Ed. Note — The following is a reprint of a Facebook post by Florida campaign consultant and entrepreneur Joe Clements. Clements wrote the post in memoriam of Air Force Staff Sergeant Carl Enis, a Tallahassee resident and husband of lobbyist Angela Drzewiecki. Enis was killed in a helicopter crash in Iraq last year along with six other servicemen. News of Enis’ death made the front page of the Tallahassee Democrat in 2020.
Two days before Carl’s helicopter went down in Iraq, we were texting about an outdoor business he wanted to start when he got home and planning a late-season elk hunting trip.
The trip would have been an adventure and the business would have been successful.
That’s just how things worked with Carl.
I met Carl through my dog.
In 2011, we adopted Jasper from Last Hope Rescue, founded and run by Carl’s wife Angela. Over the next few years, my wife Sara became friends with Angela as we volunteered and fostered dogs for Last Hope.
Angela is an exceptional woman who became among Sara’s closest friends.
As Angela and Carl did for so many people in Tallahassee, they hosted us at their home for dinners. Meals at their house always included wild game and/or fish provided by Carl.
Carl told me once that he had not purchased meat from a store in at least three years.
When you met Carl, he would tell you about his wild hunting experiences and you’d think, “Carl’s a good dude, maybe I should try hunting.”
What usually you had to learn about Carl from others is that he was a multilingual, financially well-off, athletically gifted, elite special operations warrior who recently earned an MBA from Florida State.
There is a reason many of his memoriam posts on his Facebook page include the term “badass.”
Carl is among the few people for whom it is true that he could have been almost anything he wanted. Carl chose to become a special operations warrior who specialized in the most difficult rescue missions by going through a training pipeline so grueling that it suffers higher attrition than the Navy SEAL training pipeline.
Carl could skydive, scuba dive, rock climb, mountaineer, ATV, shoot, fight, pilot airplanes, ski, provide trauma care, track, hunt, fish, survive and do them all well.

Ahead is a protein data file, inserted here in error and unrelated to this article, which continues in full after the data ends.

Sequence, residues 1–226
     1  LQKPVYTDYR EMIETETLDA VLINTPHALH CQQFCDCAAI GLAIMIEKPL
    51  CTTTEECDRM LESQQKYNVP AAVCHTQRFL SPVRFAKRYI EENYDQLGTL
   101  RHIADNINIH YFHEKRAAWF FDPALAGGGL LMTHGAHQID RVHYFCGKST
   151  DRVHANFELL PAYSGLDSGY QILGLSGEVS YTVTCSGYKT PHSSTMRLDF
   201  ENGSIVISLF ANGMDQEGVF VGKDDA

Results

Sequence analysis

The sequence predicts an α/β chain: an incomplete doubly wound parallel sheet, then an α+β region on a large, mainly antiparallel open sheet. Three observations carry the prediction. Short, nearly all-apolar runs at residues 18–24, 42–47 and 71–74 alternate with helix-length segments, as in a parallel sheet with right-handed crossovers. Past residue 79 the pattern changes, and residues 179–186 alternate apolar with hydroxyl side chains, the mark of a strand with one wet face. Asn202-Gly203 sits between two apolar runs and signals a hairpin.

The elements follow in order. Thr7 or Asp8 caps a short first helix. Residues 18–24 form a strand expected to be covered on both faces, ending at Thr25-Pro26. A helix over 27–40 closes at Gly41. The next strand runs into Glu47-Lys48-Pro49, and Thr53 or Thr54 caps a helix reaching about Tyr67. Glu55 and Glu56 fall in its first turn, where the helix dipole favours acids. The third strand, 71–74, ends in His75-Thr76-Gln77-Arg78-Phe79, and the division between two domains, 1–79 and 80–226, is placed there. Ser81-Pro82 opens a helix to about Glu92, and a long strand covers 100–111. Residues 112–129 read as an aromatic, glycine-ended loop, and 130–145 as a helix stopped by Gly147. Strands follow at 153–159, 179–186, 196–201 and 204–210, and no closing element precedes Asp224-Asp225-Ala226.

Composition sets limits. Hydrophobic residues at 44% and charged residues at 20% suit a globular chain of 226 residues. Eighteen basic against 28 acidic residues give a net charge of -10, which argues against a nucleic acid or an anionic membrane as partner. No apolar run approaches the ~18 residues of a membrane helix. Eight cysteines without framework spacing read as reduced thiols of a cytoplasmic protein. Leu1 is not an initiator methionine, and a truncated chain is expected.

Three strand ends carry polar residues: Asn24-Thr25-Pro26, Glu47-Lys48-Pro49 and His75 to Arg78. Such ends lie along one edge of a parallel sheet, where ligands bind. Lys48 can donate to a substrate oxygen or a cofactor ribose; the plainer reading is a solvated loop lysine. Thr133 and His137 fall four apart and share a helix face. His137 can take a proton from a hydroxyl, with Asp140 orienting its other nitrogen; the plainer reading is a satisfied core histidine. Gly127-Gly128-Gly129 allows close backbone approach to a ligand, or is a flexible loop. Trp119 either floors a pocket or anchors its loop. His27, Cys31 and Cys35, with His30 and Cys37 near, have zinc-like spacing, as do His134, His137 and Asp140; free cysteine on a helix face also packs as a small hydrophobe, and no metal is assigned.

Last July, Carl sent me a text that said “Want to do an antelope hunt in Wyoming?” To which I responded “Hell yes!”
In October, we flew out west and proceeded to wreck a rental car into a deer, get swindled by a rancher selling bogus land access, fill our antelope tags on public land and spend a night at the Aspen ranch of a billionaire gas industry magnate.
For the flight back home, Carl talked the airline desk agent into letting us check a giant cooler of antelope meat for free.
Building relationships in the outdoors was the epicenter of Carl’s life and it’s why many people are deeply grieving his loss. Humans are a group hunter and male relationships are forged deeply through experiences in the outdoors like hunting and fishing.
I’m certain the same bond is true for the PJ brothers he served alongside in training and deployments.
Angela, we are all grateful you let us borrow Carl for these adventures. They added great value to all our lives.
I took the photo below of Carl on that Wyoming trip early one morning. No filter added.
In Carl’s life, days like this were common because he never wasted time doing things not required by duty or driven by passion. In that way, Carl’s life is an example of how to make the most out of our time.
Carl, you did your duty and lived in accordance with your sworn creed “…that others may live.” I’m proud to have known you. Enjoy the high country, my friend.
Joe Clements is co-founder of Tallahassee-based Strategic Digital Services, husband of Sara Clements, and damn glad he took that hunting trip last October.